With a heritage in effects projection development dating back to 1970, OPTI Kinetics has retained its iconic ‘Solar’ prefix to mark the launch of its first LED-based device.
Back in the golden era of disco, the trailblazing Solar 250 became the best known effects projector in the world. The company subsequently embraced the various evolutionary stages of lamp technology and has this month announced the OPTI Solar LED, in its customary white chassis.
Boasting light output of over 650 lumens from a 40W LED module, along with a high colour temperature for truer colour projection and image clarity, the OPTI Solar LED is ideal for all gobo and effect projection applications.
LED technology offers the operator many benefits, including cool running, virtually silent operation and a 100,000-hour effective life of the LED module — over 300 times that of an M33 lamp. LED technology also provides low maintenance and significant energy savings (for example, power consumption is around 18% of the draw required by a traditional OPTI Solar 250).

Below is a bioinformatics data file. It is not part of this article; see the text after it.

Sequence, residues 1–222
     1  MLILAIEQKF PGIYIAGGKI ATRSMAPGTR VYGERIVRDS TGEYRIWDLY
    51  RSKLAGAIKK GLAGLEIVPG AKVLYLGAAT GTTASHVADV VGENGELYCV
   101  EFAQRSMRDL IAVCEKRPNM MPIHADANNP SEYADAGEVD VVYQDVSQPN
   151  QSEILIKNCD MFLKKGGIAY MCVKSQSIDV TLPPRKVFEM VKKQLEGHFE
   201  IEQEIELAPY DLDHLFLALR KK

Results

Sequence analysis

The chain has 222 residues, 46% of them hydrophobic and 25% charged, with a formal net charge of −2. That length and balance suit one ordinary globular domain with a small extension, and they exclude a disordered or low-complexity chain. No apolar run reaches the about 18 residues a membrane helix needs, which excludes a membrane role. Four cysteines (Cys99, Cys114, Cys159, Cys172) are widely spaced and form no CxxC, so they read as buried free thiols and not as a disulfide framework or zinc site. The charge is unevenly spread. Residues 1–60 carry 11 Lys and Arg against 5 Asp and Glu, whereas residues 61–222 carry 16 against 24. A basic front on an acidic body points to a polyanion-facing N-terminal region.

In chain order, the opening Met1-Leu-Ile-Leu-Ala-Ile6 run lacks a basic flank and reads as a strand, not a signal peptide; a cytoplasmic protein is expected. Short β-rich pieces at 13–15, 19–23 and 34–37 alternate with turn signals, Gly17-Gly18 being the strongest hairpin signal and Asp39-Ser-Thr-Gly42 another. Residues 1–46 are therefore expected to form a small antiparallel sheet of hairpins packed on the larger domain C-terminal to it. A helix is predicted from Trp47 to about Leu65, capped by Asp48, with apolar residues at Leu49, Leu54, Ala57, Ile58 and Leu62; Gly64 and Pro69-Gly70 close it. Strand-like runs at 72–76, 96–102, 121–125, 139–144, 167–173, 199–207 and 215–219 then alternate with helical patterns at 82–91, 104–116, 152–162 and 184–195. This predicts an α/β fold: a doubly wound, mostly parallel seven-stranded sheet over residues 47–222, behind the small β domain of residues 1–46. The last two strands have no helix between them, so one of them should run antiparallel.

Other benefits include its high colour temperature of 4000°K, producing a whiter light than comparable tungsten halogen projectors. But the many OPTI fans around the globe will delight in the fact that the new projector is compatible with all OPTI Solar range effects and accessories and carries a three-year warranty.
“The Solar projector has been on a long and mesmerising journey since carrying out its first liquid light shows back in 1973," commented OPTI sales director, Neil Rice.
“After being adopted by mobile DJ’s and discotheque installers around the globe, the corporate and advertising world turned to the gobo projections as a dynamic form of brand enhancement. The Solar 250 has since migrated into the educational world, as a valuable stimulus for children with special needs, and into the medical sector for the physically and mentally handicapped. All the while, it has continued to be regarded as an essential effect by rave and dance promoters, and at retro concerts looking to recapture the zeitgeist of the early liquid lightshows.”